March 30, 2012
MRI And Neuropsychological Tests Best Predict Alzheimer’s Disease In Old Patients
Investigators from the University of Amsterdam, Netherlands, have shown that in most elderly patients invasive and expensive techniques, i.e. lumbar puncture and PET scan, are not useful to establish the diagnosis of Alzheimer's disease. They arrived at this conclusion after analysis of data from the Alzheimer's Disease Neuroimaging Initiative (ADNI), a large collaborative research project of medical centers in the USA and Canada.
The Dutch researchers divided the ADNI sample into two halves, a younger (<75 y) and an older half (>74 y). They showed that the CSF biomarkers (amyloid and tau), and FDG- PET, are informative in the younger but not in the older patients.In the older patients MRI scans and neuropsychological tests appeared to convey useful information, but CSF biomarkers and FDG-PET did not. The latter two techniques are informative only in younger patients. MRI scans and cognitive tests are not only helpful in distinguishing patients who are already demented from those who are not, but also in predicting who among older MCI patients will progress to dementia within a few years. Predictions based on CSF biomarkers may turn out to be right on the longer term, say five or ten years, in patients who live that long and become demented.
"But this long-term prediction is not what doctors, patients and families really need", says Willem A. van Gool, professor of neurology at the University of Amsterdam. "They want to know the causes of the symptoms, which made them seek help at a memory clinic, and they want to know what the prognosis is in a shorter time frame."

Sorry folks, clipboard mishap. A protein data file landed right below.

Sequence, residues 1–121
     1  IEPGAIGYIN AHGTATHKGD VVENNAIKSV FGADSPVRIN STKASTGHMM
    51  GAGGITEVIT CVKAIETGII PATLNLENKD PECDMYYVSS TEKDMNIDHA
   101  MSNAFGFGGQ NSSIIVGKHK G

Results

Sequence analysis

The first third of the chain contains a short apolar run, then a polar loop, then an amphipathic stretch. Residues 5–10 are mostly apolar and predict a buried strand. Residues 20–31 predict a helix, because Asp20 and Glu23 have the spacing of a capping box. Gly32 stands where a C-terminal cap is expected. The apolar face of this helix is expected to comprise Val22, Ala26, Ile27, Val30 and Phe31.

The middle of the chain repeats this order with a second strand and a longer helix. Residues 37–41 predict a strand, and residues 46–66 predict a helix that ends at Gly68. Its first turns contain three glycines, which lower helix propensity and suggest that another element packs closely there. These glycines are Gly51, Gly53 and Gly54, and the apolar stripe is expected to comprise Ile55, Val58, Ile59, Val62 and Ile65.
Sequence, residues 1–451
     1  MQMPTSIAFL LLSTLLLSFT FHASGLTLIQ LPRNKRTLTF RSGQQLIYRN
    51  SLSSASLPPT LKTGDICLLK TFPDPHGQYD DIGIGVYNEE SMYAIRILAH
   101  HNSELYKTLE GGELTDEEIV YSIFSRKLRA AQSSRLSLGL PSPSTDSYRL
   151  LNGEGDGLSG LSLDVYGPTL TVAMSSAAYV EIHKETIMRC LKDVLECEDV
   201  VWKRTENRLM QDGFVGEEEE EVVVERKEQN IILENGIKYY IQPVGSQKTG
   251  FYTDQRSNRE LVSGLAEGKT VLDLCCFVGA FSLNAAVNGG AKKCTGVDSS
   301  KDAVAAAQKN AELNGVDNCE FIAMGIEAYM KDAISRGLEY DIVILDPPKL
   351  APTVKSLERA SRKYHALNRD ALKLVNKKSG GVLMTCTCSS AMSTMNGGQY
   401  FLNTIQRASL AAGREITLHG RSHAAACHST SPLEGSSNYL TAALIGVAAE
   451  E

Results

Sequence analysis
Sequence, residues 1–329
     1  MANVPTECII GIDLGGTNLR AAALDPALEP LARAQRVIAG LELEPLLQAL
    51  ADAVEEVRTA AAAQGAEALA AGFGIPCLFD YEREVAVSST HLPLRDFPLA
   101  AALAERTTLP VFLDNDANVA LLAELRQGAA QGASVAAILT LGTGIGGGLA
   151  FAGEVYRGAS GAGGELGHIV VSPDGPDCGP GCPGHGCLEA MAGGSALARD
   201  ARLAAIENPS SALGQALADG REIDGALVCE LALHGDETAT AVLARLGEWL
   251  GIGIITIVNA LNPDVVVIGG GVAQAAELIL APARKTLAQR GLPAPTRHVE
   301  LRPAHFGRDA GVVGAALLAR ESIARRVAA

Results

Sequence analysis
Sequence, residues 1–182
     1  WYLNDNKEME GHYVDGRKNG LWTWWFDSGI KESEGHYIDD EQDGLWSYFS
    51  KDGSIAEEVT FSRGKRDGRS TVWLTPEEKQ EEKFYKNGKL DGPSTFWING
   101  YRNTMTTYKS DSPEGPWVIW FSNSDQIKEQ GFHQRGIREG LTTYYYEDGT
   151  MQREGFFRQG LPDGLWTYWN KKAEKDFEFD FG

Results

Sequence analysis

From a theoretical point of view these results underscore that dementia in the older elderly is not exactly the same as Alzheimer's disease in younger patients. It is probably a mix of disease mechanisms. At older ages vascular brain damage and degenerative processes other than amyloid accumulation, such as sclerosis of the hippocampus, are probably important contributors to the dementia syndrome. "At any rate", according to Van Gool, "research findings stemming from relatively young patient samples cannot readily be extrapolated to the vast majority of older dementia patients. In older persons with dementia the causes are more complex than mere amyloid-beta accumulation, and researchers have to address this complexity."
Ben Schmand, professor of clinical neuropsychology at the University of Amsterdam, stresses a practical implication for clinicians. "In MCI patients", he says, "particularly in older patients, it is not sufficient to base a diagnosis solely on a brief memory test, a MRI scan, and a lumbar puncture. Generally, a more thorough clinical evaluation will be necessary Cerebrospinal fluid biomarkers and PET scanning remain informative in relatively young patients."
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